“A Gen Xer went to a place to work; a millennial has places where they work. I don’t think you see within Gen Z the distinction of work or life – it’s everything,” says Brasher. “For us, when we think about design, we try to address future needs.”
“The trick was to build a device that’s as portable as possible without compromising on functionality or performance,” Brasher adds. “For instance, the Dragonfly features a full suite of security tools, including the Sure View privacy screen, which can be activated by pressing the F2 key. There’s even a webcam kill-switch.”
Wolff sees HP as a company that connects the worlds of work and life. “If you think about it, we do consumer products, and we do commercial products. We even do products for specific verticals, from medical to education to retail, as well as specialist workstation devices for heavier workloads,” he points out. “We’re at that intersection of multiple needs. For us, we see ourselves as responsible for more than simply bringing products to market, but also taking the tech industry in new directions.”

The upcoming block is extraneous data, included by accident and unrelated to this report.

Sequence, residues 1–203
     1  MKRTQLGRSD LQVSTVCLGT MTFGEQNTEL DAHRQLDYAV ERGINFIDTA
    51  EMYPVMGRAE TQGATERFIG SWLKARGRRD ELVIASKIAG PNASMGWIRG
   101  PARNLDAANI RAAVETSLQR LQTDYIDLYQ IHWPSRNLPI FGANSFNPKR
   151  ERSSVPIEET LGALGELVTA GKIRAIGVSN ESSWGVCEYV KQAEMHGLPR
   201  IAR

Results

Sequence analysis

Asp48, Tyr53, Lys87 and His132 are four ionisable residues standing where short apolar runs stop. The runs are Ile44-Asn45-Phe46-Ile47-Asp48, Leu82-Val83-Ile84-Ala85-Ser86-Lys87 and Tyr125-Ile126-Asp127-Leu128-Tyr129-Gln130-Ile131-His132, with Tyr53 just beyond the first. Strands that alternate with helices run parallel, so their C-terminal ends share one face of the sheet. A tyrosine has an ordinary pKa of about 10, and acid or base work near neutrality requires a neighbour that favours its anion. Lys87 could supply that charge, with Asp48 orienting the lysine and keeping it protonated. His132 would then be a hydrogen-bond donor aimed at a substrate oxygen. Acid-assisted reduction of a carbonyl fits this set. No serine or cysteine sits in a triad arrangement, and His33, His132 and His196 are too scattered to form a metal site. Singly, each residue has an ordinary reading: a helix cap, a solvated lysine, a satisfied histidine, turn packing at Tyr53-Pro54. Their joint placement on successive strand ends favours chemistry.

And one of these new directions is in the realm of sustainability, something that Gen Z-ers consistently rank as something they find important. The Elite Dragonfly also has this at its core. The speaker enclosure, for example, has been made using ocean-bound plastics, collected from beaches and riversides. It’s a forward-looking philosophy influencing the entire HP ecosystem, ensuring that minimising impact on the planet plays as important a role as redefining the way we work.
According to a CGS report published earlier this year, Gen Z rank ethical businesses and manufacturing as a top factor when making purchases, with 68 per cent of the generation having made a purchase based on the product’s eco-friendly merit in 2018.
“We’re starting to embody materials that can be reused and repurposed. You’re going to see it from our packaging plans to other devices that go out. Sustainability is utmost in our focus,” says Wolff. “It takes one product to set the direction, and I think Dragonfly is that leading point.”
Find out more about the HP Elite Dragonfly by visiting hp.co.uk/dragonfly